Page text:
Photo Information

A Marine color guard stands steady as Col. Guy M. Close (center) and Sgt. Maj. Abelardo Flores uncase the Marine Aircraft Group 16, 3rd Marine Aircraft Wing colors in front of the group headquarters building, Feb. 5. The California-based group replaced their East Coast counterpart, MAG-26, as the higher headquarters for a dozen Army and Marine aviation, aviation support and medical units. MAG-16 and its subordinate squadrons provide the essential aviation support to Multinational and Iraqi ground forces across the group's area of operations. Close is the commanding officer of MAG-16 and Flores is the group sergeant major.

Photo by Cpl. Jonathan K. Teslevich

Aviation authority transferred to MAG-16 in Western Iraq

27 Nov 2007 | Cpl. Jonathan K. Teslevich

Marine Aircraft Group 16, 3rd Marine Aircraft Wing, returned to the dust-blown streets and runways of Al Asad, Iraq, Feb. 5, replacing MAG-26 as the primary facilitator of aviation support in their area of responsibility.

Nearly one year had passed since MAG-26, 2nd MAW, took the reigns from their West Coast counterpart MAG-16. During those months, the East Coast group supported Army, Navy and Marine aviation squadrons performing hundreds of various missions in support of Multinational and Iraqi ground forces.

MAG-16 will act as the higher headquarters and serve as a foundation for the operations of more than a dozen aviation, aviation support and medical support units conducting missions from forward operating bases across Western Iraq.

"The Marines, sailors and soldiers of MAG-16 are anxious, they are well trained and they are ready.  These are the best young men and women America has to offer and it is a privilege and honor to stand among them," said Col. Guy M. Close, commanding officer, MAG-16. "We are going to support our ground forces and aid in the transition to Iraqi security forces by providing multiple aviation missions to include casualty evacuation, surveillance and movement of personnel and supplies."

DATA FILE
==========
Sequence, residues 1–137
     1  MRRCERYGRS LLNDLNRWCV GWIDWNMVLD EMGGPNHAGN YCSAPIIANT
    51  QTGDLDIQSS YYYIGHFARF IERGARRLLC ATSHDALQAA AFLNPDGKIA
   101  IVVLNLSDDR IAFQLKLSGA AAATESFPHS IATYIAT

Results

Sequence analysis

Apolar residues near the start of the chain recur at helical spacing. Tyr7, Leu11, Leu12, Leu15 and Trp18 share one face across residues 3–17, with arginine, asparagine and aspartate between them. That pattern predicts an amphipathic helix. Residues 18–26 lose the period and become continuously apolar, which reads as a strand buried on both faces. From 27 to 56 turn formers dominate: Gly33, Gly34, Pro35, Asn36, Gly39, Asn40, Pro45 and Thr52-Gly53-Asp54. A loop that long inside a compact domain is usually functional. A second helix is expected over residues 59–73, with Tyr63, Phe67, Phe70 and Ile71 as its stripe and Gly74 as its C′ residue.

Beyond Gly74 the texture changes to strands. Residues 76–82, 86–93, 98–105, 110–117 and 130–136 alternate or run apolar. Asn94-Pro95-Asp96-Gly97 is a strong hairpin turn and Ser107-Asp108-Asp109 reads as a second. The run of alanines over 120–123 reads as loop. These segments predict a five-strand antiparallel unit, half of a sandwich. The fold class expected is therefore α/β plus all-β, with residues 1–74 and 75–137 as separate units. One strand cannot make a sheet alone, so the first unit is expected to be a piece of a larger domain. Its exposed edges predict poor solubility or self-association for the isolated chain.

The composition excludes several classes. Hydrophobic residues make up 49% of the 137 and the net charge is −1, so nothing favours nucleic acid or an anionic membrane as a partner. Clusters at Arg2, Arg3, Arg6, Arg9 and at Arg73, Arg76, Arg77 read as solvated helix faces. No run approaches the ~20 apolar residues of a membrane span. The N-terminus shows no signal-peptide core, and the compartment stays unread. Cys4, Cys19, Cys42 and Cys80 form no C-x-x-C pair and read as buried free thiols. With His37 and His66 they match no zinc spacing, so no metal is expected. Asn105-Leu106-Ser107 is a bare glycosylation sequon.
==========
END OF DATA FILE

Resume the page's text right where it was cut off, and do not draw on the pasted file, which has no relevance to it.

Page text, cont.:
"We have been set up for success by the excellent turnover from MAG-26. They should be proud of the accomplishments and improvements they've made, and we hope to build upon their work," said the Wellsboro, Pa., native.

Members of MAG-16 continued the theme of their commanding officer's remarks when speaking about the exemplary job done by their predecessors.

"This is my first tour out here, and the impression I had was that we had to bring 8,000 things to be ready, but it was a lot better than I expected," said Sgt.  Jonathan Soler, intelligence chief, MAG-16. "MAG-26 had everything set; ready to go in my section."

Soler and other key personnel with MAG-16 arrived weeks prior to the transfer of authority. Representatives from every section in the group worked alongside their counterparts from MAG-26, prepping for when the workload of daily operations of the MAG would be theirs to carry.

"They went over the day-to-day responsibilities, giving me a heads up on where things were heading," said Soler, a Bridgeport, Conn., native. "They let us know the details necessary to make it an efficient transition."

Despite what he knows will be stressful months ahead, Soler is optimistic about the future.

"We're going to be busy supporting the Marines as best as possible, here at the MAG, at the squadrons and in the rear," said Soler. "This deployment is a great opportunity to develop Marines and to see the products we (MAG-16 intelligence section) prepare save lives."

With the Marines, sailors and soldiers under the MAG-16 umbrella in place, members of MAG-26 expressed feelings of happiness and regret on their impending redeployment home.

"I feel real good, the turnover went great, but sad to leave some really good people. Hopefully, we'll be able to reunite back home," said Staff Sgt. Don A. Henson, fiscal chief, MAG-26 and Kilmichael, Miss., native. "I'm looking forward to seeing MAG-16 fiscal do good things, and help the local economy through contracting."